the fresh films reviews

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Don't Look Up (2021)

Adam McKay


Science Fiction/Satire

Don't Look Up

138 minutes

Adam McKay
Kevin Messick

Adam McKay

Cast includes:

Kate Dibiasky Jennifer Lawrence ½

Dr. Randall Mindy

Leonardo DiCaprio
Dr. Teddy Oglethorpe Rob Morgan
Brie Evantee Cate Blanchett ½
Janie Orlean Meryl Streep ½
Jason Orlean Jonah Hill
Peter Isherwell Mark Rylance
Jack Bremmer Tyler Perry ½
Yule Timothée Chalamet
Colonel Benedict Drask Ron Perlman
Riley Bina Ariana Grande -
DJ Chello Scott Mescudi -
Phillip Kaj Himesh Patel -
June Mindy Melanie Lynskey -
Dan Pawketty Michael Chiklis -
US Air Force Lieutenant General Stuart Themes Paul Guilfoyle -



Adam McKay continues his attack on his own flailing country with this timely and occasionally funny American self-criticism with lots of bite at capitalism in general and political leaders in particular. But whereas McKay helped the average Joe understand the mechanisms of subprime loans by laying bare greedy speculators in The Big Short, the satire in Don't Look Up is a lot more elitistic – and will probably leave a vapid aftertaste for many viewers. The picture draws attention to numerous dilemmas and problems the world is currently facing, some a little more contested than others, but one of the pitfalls McKay cannot avoid is that the main point he's making is both preachy and not particularly informative. We all already know that we're in a predicament concerning climate change (and arguably over-population), but we might not share McKay's view that ridiculing those who don't agree with your world-view will be the solution.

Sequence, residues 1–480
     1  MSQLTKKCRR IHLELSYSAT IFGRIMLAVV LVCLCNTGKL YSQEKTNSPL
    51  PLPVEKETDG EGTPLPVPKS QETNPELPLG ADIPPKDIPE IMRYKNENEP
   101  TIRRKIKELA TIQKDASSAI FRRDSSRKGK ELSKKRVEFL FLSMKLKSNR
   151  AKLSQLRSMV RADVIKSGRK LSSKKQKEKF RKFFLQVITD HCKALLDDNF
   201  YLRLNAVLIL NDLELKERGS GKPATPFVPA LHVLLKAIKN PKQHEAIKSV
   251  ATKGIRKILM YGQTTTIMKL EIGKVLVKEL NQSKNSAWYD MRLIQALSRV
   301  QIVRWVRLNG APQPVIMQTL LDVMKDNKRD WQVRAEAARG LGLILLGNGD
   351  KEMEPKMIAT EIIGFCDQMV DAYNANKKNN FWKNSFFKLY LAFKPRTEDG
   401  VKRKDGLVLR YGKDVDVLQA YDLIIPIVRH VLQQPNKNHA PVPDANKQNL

Don't Look Up is at its best when placing itself in its own line of fire and toying with archetypes (like the Cate Blanchett, Jonah Hill and Mark Rylance characters) instead of the little people. As such, the parodies of SoMe, mainstream media and big tech are fun and to the point, whereas the sledgehammer ramming-it-down-your-throat satire aimed along political lines is always a hairsbreadth away from insulting. Also, it's more about stating – or shouting – the obvious than opening eyes. Despite its great effort, the film doesn't leave you with anything you didn't already have. And, much like the egocentric American culture it bashes, the film easily forgets that there are 7.7 billion other people in the world. It also fails to acknowledge the role technology and visionary innovators have played in all but every human advance, which makes the Elon Musk-ish slash Steve Jobs-ish character of Peter Isherwell weak, even though it's certainly a brilliant creation by Mr. Rylance. Like much of the film: He's hilarious, but McKay's jabbing at him is like that of a groggy boxer who can no longer see straight.

In all likelihood, humanity's problem isn't that poor people who live in trailers don't believe in climate change; the problem is that not even the people advocating the issue are really willing to give up their excessive lifestyle. And that is something this smug film fails to take into account or even discuss.

Copyright © 22.01.2022 Fredrik Gunerius Fevang